Yet it seems that our 21st century politicians, at the Town Hall, at City Hall by Tower Bridge and at Westminster, are now actioning a process of “managed decline” for Croydon.
Croydon’s policy of divide and rule
Conservative councillors represent an electorate largely from the south of the borough, where many people prefer to shop to the south rather than in central Croydon.
Thus, we have a Conservative-controlled council whose main interest is not in
Croydon, but in keeping the south of Croydon free of overdevelopment. Hence the Quixotic desire to see housing needs met by impractical tower blocks in central Croydon, not in what they would describe as “backland development” or “garden grabbing”. You can’t blame them for that. They are representing the will of the people.
In many ways, perhaps this week’s launch of a Croydon Sadvertiser “South” edition is a reflection of how the two parts of the Borough of Croydon have grown so far apart that they are two very different towns.
The voters in Kenley, Purley and Coulsdon respect value for money. But it is not clear whether the Conservative Council can really claim that they deliver “VFM”. It is an obscene act of hubris that sees Croydon Council building themselves a luxury headquarters as part of a £450 million development scheme while the economy of the town falls apart around them.
The loss of 1,000 jobs at Nestlé’s Croydon HQ is both an horrendous blow for Croydon and the proof that building a new Town Hall is not the regenerative catalyst for Croydon as the council has tried to claim.
It is a further scandal that the council, our council, refuses to be transparent about the details of its property speculation on the rates which it has embarked upon with a City private equity company, risking millions of pounds of Council Tax-payers’ money.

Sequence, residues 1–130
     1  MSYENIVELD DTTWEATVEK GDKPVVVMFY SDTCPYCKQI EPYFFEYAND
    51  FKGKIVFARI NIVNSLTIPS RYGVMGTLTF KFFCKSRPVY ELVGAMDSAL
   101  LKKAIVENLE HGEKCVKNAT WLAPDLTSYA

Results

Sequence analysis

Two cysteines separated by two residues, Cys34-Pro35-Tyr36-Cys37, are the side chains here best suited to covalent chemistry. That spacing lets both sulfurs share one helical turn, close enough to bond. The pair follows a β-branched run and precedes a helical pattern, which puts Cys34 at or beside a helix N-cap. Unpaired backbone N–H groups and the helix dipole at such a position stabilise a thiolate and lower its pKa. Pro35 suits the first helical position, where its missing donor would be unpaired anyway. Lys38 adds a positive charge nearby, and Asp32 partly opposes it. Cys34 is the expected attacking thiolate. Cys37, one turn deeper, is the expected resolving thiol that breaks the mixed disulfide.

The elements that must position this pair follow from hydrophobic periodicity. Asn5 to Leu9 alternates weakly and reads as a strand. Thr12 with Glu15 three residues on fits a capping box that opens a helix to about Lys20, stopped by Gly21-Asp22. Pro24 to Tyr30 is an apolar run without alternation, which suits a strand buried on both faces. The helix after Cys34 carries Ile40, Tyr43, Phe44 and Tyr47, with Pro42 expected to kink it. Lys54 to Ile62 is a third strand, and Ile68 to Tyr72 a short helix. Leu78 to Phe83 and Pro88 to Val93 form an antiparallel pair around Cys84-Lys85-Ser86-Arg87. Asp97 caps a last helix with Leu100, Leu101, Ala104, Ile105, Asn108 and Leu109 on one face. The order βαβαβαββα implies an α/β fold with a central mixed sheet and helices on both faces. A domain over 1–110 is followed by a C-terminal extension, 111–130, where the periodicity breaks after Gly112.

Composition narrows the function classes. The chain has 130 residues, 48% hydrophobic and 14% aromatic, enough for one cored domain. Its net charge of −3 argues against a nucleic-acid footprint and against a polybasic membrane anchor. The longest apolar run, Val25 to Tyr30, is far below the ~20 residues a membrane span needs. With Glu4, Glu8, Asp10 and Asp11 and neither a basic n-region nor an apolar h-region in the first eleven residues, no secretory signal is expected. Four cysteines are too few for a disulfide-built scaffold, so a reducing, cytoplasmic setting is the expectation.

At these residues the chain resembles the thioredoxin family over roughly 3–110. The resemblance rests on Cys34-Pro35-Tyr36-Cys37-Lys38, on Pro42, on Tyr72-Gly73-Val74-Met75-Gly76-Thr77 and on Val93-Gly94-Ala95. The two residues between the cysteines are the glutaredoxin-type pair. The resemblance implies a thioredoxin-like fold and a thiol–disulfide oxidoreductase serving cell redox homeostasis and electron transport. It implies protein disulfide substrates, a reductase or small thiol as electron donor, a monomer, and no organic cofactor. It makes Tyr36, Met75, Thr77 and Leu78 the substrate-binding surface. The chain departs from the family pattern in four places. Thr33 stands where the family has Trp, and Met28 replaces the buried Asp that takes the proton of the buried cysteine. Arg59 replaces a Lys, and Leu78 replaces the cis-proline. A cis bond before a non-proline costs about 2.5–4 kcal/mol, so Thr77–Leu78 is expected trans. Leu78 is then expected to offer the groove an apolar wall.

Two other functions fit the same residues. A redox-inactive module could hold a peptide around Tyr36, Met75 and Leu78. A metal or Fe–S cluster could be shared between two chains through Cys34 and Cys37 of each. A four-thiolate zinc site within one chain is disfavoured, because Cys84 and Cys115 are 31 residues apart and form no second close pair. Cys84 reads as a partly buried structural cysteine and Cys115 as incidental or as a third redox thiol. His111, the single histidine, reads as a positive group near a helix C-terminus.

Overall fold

Rouse, the council’s Chief Executive, has overreached himself in thinking that he can make a profit out of property dealing in a failing economy. The Croydon Council Tax money spent providing soft loans to the council’s commercial partner would be better spent on supporting local Croydon businesses. But for many local businesses, it may already be too late.
There are many ways to reverse Croydon’s decline. Some of these would include:
- the council swallowing its pride and going back on its decision to turn down the opportunity for Croydon to become an Enterprise Zone with lower business rates;
- promoting the expansion of Gatwick in an effort to boost jobs there for the people of Croydon;
- the Tram being built to Crystal Palace as Ken Livingstone proposed (and proposes), but which Boris Johnson promptly scrapped when he took over at City Hall;
- reducing parking fees to bring in visitors;
- investing in Croydon’s green spaces so that this lifestyle selling point for Croydon would be a real one;
- and Barwell actually delivering on his promise to reverse the cuts in public sector jobs in Croydon by doing more than just having a meeting with Francis Maude.
There is one further strategy which might help revive central Croydon and revise the broader public perception of Croydon, but when Croydon College applied for planning permission for a residential block for students – on a much more modest, more human scale that the Mental Tower – this was rejected by the Conservative-controlled council.
Now, the council still has the opportunity to make Croydon College a residential university, with student flats in the empty Nestlé Building, with the effect of turning central Croydon into a youthful, vibrant part of the borough.
It would also bring into central Croydon up to a thousand new voters, few of whom, however, would be well disposed toward voting Conservative, thus changing the make-up of that already marginal parliamentary constituency and several nearby wards completely.
And that, of course, was never a consideration at all when the council previously decided to turn down Croydon College’s planning application.
- Inside Croydon: brought to you from the heart of the borough, free of charge, an independent voice standing for freedom of speech for the people of Croydon
- Nestle confirms move to “ideal location” (ie. not Croydon) (insidecroydon.com)
- Croydon’s a bit rubbish and it’s getting worse (insidecroydon.com)
- The Nestle move: the £248,000 per year CEO speaks (insidecroydon.com)